European Union

Pathway
Pathway

National[1] Innovation Pathway

Policies and strategies to develop the European Union’s innovation pathway in clean energy technologies

The European Green Deal, presented in December 2019, is a set of policy initiatives by the European Commission with the overarching aim of transforming Europe into a fair and prosperous society, with a modern, resource-efficient and competitive economy where there are no net emissions of greenhouse gases in 2050 and where economic growth is decoupled from resource use. A clear 2050 long term strategy, including clean energy technology and innovation needs, has been described and submitted to the UN in 2020. EU Member States have been doing the same at national level.  The European Green Deal makes consistent use of all policy levers: regulation and standardisation, investment and innovation, national reforms, dialogue with social partners and international cooperation.

To achieve a climate-neutral Europe by 2050, the European Commission has announced a Fit for 55 package[2] in 2021 to reduce net emissions by at least 55% by 2030, which includes European Climate Law  This will cover wide-ranging policy areas – from renewables to energy efficiency first, energy performance of buildings, as well as land use, energy taxation, contributions from all EU Member States in non-emission trading sectors.. Achieving an ambitious greenhouse gas emission reduction target crucially depends on the decarbonisation of the energy system The new  legislation,  will also aim to improve the integration of the energy system including with regard to electrification and to new renewable fuels such as hydrogen for hard-to-decarbonise sectors. Energy efficiency would contribute to savings of 36-37% for final energy consumption and 39-41% for primary energy consumption by 2030, to meet our increased climate ambition.

Within the Green Deal, in relation to energy, the EC has adopted three strategies on “energy system integration’ , on ‘hydrogen’ and on ‘offshore renewable energy’.  These strategies contain specific sections on promoting clean energy research and innovation, as do the complementary strategies on Biodiversity for 2030 , the Circular Economy Action Plan , and the upcoming Action plan “Towards a Zero Pollution Ambition for air, water and soil” .

Research and innovation clean energy priorities

Since 2008, the Strategic Energy Technologies Plan (SET Plan) has been the core European mechanism to strengthen clean energy R&I policies and programmes’ coordination between the EU, its Member States, industry and research representatives. It provides strategic guidance and its work is organised around 13 Implementation Working Groups with set targets and objectives per technology.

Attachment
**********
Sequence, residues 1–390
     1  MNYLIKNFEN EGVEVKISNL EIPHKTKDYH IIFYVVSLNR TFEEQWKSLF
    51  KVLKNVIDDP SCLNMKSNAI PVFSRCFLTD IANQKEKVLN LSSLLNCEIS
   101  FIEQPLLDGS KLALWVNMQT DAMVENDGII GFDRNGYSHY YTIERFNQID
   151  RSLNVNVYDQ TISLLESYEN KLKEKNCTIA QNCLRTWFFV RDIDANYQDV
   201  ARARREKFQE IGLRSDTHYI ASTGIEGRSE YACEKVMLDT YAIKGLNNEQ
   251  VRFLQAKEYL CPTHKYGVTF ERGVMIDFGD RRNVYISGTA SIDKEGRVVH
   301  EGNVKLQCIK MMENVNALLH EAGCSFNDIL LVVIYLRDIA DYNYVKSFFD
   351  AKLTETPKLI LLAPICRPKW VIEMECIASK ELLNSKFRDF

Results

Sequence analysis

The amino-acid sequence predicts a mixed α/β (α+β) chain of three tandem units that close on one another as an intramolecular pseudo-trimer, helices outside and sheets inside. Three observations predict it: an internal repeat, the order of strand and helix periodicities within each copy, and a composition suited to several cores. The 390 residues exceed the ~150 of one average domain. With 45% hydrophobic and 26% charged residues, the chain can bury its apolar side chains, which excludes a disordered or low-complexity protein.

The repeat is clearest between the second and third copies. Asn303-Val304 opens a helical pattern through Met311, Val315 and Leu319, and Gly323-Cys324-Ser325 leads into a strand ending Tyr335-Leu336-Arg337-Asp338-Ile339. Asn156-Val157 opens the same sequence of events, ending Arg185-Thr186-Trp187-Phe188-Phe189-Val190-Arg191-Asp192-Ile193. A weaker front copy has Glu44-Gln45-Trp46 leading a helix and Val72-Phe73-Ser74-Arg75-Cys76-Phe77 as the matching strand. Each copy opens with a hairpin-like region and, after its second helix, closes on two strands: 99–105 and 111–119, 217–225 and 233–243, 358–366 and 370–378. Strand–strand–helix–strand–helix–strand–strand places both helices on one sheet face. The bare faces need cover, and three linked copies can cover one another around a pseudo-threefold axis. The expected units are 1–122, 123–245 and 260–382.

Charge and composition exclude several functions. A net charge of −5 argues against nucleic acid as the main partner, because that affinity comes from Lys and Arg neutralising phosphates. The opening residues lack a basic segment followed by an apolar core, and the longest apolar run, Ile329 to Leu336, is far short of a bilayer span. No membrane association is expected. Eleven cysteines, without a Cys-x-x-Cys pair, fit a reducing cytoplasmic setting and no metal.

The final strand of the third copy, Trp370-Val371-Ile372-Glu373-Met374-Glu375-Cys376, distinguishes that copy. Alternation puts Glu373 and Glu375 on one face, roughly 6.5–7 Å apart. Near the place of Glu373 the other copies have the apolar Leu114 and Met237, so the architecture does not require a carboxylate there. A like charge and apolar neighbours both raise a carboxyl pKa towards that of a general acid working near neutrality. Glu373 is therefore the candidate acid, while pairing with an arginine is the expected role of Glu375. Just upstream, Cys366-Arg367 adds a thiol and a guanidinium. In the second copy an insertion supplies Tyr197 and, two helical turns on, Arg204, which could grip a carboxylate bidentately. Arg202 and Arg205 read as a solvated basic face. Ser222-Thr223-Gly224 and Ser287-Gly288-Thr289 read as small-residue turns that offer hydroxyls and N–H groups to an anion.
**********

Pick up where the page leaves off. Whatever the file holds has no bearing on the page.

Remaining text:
This first Horizon Europe Strategic Plan defines the strategic orientations for our R&I investments over the period 2021-2024 and acts as a compass to stay on course with the political priorities on the twin green and digital transitions.

Clean energy innovation responds to the strategic objective of “making Europe the first digitally enabled circular, climate-neutral and sustainable economy through the transformation of its mobility, energy, construction and production systems”.  Clean and affordable energy programmes will be financed primarily through the cluster on Climate, Energy and Mobility.  This cluster will contribute to achieving climate neutrality and the zero-pollution ambition of the energy and transport sector while maintaining their competitive leadership and contribution to Europe’s prosperity. Based on effective and efficient pathways towards climate neutrality, this will include crosscutting solutions for securing, inter alia, the provision of cleaner energy at lower costs, coping with intermittence and energy storage issues.  Furthermore, the objective will be pursued through partnerships with the private sector and “missions”.

The current programming proposes support in the areas of hydrogen, batteries, renewables, energy systems, CCUS as well as energy demand side solutions and breakthrough technologies.